Bach’s long walk to genius
PUBLISHED: 14:05 30 October 2018 | UPDATED: 15:21 30 October 2018
Johann Sebastian Bach’s trek through Germany to Lubeck is a little known chapter in an extraordinary life. CHARLIE CONNELLY learns more.
One evening in the late summer of 1705 Johann Sebastian Bach was walking across the main square in Arnstadt, Thuringia.
He was 20 and two years into his job as organist at the Neue Kirche. Arnstadt was a small, provincial town with small, provincial attitudes that Bach’s ambitions had already comprehensively outgrown.
Compounding his frustration was the – at least by his standards – poor quality of the musicians at his disposal who as part of his duties he was expected to prepare and rehearse for services and recitals. Indeed, a few days earlier he had become so incensed at the flatulent parping coming from one particular instrument that as part of an angry tirade he described its wielder as “ein zippel Faggotist”, a term Horatio Clare translates in Something Of His Art: Walking To Lübeck with JS Bach as “a prick of a bassoonist”.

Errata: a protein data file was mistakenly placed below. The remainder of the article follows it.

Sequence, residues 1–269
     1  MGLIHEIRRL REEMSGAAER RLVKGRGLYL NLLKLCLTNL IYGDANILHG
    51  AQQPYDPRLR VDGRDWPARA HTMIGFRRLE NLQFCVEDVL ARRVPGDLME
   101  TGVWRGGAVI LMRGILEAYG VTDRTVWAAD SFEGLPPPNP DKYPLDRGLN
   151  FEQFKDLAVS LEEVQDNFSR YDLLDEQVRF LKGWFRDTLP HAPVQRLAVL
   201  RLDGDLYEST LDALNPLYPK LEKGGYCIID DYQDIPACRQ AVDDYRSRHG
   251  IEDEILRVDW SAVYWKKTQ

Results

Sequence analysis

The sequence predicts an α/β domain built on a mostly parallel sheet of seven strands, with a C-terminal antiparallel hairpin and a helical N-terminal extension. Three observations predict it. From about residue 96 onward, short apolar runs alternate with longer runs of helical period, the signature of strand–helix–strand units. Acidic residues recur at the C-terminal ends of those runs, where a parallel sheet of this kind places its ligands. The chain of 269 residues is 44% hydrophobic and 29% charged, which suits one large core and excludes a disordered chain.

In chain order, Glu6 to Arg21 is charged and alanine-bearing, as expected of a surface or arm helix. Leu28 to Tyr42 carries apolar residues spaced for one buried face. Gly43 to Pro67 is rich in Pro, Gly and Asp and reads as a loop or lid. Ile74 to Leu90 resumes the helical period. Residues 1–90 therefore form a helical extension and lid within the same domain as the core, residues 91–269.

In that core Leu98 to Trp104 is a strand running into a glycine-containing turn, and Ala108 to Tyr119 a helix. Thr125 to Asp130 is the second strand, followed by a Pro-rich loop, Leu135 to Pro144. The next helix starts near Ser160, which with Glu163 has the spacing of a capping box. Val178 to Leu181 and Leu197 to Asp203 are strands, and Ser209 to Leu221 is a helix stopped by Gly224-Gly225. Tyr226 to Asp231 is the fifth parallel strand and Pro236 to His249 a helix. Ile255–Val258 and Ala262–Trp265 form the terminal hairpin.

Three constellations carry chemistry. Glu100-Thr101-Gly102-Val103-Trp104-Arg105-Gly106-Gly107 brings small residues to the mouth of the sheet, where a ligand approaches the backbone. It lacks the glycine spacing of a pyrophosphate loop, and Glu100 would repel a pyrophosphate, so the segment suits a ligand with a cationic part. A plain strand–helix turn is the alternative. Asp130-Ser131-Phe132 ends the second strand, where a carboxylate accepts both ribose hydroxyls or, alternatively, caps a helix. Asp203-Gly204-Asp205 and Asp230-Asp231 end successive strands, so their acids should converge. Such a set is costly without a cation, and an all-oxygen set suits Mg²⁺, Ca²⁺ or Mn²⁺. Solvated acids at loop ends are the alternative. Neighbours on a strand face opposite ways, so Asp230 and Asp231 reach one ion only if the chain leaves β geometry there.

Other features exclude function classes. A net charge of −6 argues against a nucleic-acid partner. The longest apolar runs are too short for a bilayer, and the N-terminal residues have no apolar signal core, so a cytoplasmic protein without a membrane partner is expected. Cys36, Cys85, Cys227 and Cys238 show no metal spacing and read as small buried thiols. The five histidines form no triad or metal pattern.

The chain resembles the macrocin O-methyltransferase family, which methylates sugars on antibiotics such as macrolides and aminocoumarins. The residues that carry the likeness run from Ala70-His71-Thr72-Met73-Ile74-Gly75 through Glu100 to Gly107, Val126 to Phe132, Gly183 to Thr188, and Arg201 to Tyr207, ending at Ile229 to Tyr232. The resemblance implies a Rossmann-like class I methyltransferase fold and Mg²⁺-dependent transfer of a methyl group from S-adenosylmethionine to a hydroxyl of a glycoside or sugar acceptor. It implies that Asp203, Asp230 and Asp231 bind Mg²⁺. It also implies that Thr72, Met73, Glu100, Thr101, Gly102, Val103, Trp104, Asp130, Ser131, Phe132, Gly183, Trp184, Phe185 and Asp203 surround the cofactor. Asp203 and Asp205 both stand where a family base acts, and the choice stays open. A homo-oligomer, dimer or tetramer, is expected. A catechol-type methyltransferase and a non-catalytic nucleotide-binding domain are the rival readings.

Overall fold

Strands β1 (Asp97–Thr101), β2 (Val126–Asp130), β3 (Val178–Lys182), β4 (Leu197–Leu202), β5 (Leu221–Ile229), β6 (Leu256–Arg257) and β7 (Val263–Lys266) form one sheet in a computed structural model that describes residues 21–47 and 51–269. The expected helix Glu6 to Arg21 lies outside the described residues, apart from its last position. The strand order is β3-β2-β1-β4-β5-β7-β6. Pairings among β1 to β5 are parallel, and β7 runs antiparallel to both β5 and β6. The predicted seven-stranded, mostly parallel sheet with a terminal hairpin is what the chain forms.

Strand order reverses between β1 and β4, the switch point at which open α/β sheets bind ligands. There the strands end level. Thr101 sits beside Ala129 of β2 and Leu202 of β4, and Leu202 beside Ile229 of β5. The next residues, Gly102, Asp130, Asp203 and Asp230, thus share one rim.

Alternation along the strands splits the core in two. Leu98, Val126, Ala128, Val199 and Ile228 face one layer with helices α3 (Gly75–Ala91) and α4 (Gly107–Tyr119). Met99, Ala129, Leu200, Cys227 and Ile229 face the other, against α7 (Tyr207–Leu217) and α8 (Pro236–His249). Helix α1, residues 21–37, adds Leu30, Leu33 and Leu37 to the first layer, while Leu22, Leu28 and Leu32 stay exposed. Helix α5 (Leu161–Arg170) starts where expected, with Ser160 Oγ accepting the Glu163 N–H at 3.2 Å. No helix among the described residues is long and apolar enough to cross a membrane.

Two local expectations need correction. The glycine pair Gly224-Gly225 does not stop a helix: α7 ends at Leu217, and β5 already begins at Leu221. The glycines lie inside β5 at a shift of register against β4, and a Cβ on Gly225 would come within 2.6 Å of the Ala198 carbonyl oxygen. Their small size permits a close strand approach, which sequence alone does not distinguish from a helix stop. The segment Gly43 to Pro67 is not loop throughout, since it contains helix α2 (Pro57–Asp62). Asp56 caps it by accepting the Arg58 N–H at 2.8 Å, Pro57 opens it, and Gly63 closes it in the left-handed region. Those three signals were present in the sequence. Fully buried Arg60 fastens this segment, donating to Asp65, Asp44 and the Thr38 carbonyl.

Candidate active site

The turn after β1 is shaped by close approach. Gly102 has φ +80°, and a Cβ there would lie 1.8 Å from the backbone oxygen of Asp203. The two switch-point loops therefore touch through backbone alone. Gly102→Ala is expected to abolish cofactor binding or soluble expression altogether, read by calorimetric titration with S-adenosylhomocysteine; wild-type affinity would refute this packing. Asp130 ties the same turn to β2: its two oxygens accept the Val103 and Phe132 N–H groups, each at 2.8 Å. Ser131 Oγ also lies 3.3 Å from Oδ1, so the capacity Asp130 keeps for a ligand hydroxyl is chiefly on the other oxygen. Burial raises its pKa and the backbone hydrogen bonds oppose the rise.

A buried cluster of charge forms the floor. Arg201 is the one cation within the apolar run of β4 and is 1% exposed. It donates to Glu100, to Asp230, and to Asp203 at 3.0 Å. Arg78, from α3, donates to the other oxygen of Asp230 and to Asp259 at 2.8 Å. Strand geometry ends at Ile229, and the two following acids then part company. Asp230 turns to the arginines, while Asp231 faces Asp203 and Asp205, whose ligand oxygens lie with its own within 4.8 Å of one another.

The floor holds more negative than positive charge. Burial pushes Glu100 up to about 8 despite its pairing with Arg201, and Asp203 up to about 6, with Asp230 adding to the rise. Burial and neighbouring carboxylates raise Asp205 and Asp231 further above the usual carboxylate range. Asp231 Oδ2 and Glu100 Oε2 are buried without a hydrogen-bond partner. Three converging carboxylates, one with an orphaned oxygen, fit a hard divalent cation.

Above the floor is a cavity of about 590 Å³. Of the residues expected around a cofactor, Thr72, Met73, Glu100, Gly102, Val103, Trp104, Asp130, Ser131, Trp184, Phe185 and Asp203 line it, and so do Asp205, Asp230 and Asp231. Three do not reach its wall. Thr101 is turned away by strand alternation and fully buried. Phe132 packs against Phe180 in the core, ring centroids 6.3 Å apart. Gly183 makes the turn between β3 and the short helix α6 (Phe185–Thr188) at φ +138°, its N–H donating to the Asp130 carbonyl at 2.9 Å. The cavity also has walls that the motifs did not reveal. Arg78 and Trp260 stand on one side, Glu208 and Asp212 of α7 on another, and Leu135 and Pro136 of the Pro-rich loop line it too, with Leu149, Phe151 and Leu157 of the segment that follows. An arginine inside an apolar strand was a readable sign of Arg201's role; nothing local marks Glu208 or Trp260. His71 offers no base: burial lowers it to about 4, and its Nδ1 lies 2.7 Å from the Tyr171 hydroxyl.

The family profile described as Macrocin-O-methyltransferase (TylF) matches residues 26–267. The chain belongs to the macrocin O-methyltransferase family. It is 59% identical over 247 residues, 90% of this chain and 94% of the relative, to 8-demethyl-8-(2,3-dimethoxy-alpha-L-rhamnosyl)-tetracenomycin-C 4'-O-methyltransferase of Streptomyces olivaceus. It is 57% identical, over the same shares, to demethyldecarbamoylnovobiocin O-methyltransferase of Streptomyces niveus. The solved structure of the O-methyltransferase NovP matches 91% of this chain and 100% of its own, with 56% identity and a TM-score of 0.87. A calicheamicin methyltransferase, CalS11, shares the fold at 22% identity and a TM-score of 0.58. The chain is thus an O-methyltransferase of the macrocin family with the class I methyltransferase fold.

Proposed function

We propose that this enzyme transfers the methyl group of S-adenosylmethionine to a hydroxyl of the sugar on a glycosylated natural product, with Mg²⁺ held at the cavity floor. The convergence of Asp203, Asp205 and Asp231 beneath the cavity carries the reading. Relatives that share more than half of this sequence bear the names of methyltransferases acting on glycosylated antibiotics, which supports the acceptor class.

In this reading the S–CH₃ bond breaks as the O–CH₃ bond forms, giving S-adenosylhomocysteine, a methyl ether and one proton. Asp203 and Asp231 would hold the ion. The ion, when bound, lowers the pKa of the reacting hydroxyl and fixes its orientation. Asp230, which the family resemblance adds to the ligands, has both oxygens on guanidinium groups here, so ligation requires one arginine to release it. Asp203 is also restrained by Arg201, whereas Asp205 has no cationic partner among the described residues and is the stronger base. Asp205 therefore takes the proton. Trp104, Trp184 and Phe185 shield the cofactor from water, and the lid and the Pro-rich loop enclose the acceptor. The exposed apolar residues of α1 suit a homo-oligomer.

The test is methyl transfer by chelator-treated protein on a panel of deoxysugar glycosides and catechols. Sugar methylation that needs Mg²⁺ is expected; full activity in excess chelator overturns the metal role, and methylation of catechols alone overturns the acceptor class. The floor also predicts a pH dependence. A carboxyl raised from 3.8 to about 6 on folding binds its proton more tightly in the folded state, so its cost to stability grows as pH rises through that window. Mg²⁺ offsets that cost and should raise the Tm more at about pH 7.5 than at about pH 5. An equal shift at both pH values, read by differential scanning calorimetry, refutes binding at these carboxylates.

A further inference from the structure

This particular prick of a bassoonist was a young man named Johann Heynrich Geyersbach and the insult, unleashed in front of the musician’s peers, still rankled. The number of drinks he’d just consumed at a christening party served to stoke his ire only further and when he caught sight of Bach crossing the square the combination of resentment and beer combusted into a fiery rage. Egged on by his friends Geyersbach dashed across the cobbles and angrily confronted Bach who, being a man of forthright opinions, may well have reiterated his earlier description of the boozed-up bassoonist’s character and ability. Either way, Geyersbach produced a cudgel – in fairness to Bach definitely the action of a prick – and clouted his nemesis on the side of the head with it. The composer immediately reached for his rapier and an undignified tussle ensued before the two men were separated by passers-by, fortunately without either suffering serious injury.